Indeed, such is the nature of macro-economics and the ramifications thereof in the geo-political sphere, that there can be no doubt that the current cost of living crisis is inextricably linked to the current situation in Ukraine. Furthermore, the EU-led sanctions imposed against Russia, namely banning the importation of oil and petroleum products can only have disastrous consequences for the Irish people and working class; talk about cutting ones nose off to spite their own face!
Consequently, my main concern is the impact this is having on the Irish working class and their ability to put food on the table - and the shear hesitancy of the Irish Free State government to acknowledge the severity of the issue or to do anything meaningful about it. Yes they will try to appease the situation by providing additional social welfare schemes (under various acronyms), but the reality is such measures are mere crumbs in the grand scheme of things, not to mention the additional hoops to jump through and forms to fill out. So, it appears we are expected to just take it on the proverbial chin and say, ‘ah sure look be grand so.’
Yet the truth is working class families simply have no economic recourse and are being slowly drained of all resources and savings. To put things into perspective they have to pay for their children’s school books, pay to get bins emptied, pay 50 euro for a phone call from a GP, pay 50 euro for a GP appointment along with additional costs for medication etc. etc. etc. And disabled or not, medical cards are handed out like Hens teeth! Worse still, all of this amidst severe price hikes in food, petrol, rent and heating oil.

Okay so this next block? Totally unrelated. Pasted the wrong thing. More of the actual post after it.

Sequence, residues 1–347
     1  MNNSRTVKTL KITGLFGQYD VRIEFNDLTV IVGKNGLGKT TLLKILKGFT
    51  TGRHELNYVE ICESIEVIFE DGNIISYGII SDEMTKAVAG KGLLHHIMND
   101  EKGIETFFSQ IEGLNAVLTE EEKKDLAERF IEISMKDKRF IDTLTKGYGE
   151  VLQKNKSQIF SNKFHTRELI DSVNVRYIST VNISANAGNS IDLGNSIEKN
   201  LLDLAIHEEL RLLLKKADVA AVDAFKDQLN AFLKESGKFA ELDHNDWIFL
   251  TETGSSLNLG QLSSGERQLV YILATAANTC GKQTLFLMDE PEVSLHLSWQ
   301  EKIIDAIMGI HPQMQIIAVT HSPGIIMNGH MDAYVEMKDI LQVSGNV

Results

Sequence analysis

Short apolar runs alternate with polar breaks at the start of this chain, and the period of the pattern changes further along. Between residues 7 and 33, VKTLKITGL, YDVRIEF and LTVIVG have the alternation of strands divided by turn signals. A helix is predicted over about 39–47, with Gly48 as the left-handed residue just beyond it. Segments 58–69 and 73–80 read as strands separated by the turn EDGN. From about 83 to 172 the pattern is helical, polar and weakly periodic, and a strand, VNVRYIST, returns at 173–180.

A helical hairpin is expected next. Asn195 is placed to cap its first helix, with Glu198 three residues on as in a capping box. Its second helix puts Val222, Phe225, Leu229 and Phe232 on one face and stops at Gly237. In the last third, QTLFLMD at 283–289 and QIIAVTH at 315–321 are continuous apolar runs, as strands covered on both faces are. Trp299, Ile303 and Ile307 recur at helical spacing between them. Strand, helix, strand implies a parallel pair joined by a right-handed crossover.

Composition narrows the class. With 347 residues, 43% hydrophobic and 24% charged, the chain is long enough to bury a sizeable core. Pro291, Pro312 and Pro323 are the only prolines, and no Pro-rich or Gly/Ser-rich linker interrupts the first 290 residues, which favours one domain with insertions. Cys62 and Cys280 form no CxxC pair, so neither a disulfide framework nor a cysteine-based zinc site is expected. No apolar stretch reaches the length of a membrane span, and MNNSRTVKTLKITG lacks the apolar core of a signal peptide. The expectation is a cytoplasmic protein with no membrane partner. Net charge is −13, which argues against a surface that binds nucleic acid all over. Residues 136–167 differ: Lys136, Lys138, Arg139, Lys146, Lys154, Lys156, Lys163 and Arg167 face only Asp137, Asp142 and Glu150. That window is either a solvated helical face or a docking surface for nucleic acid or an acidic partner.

Upon arriving in Ireland Ukrainian refugees will receive: a lump sum payment, a PPS number, Irish driving licence, a medical card, and ‘bump the queue’ to become first priority on social housing waiting lists. In addition the Ukrainian language is now being taught in many Irish schools. For God forbid if the Irish language should come first, or that immigrants be forced to integrate culturally in any way shape or form. Such measures go over and beyond what is necessary and are nothing more than an insult to Irish working class people and families, many of whom are already struggling with poverty and in desperate need of work, job security and opportunities. Naturally, the end result of all this is an atmosphere of growing resentment and racism to our Ukrainian neighbours.
Critics of the points made out in this essay will no doubt argue that the Irish working class are not living in a war torn land surrounded by bombs and destruction, and therefore said argument is built on a foundation of sand. Yet I would put it to such critics that the Irish government still has an onus to care for its most vulnerable citizens; and that poverty is poverty, hunger is hunger and homelessness is homelessness whether it occur in wartime or not.
To conclude, the Irish government should open the borders to Ukrainian refugees, but it must do so in a sensible way to ensure that there is parity in the support provided. In this way, support provided to Ukrainian refugees should be on par with social support provided to Irish families or any other immigrant and foreign national. In addition, EU-led sanctions imposed against Russia should be challenged and brought to an end, because such sanctions also serve to harm and impoverish Irish citizens. Corrective measures such as these will help to slow the growing resentment, racism and anti-immigrant feeling that is beginning to fester here in Ireland - and therefore help to block the growing agenda of far right elements intent on exploiting such disparities for their own nefarious ends.
Ukraine: Ireland's cause? Absolutely not.
~ Gamhain MacCionaoith
mí Mheithimh, 2022
Contae Dhún na nGall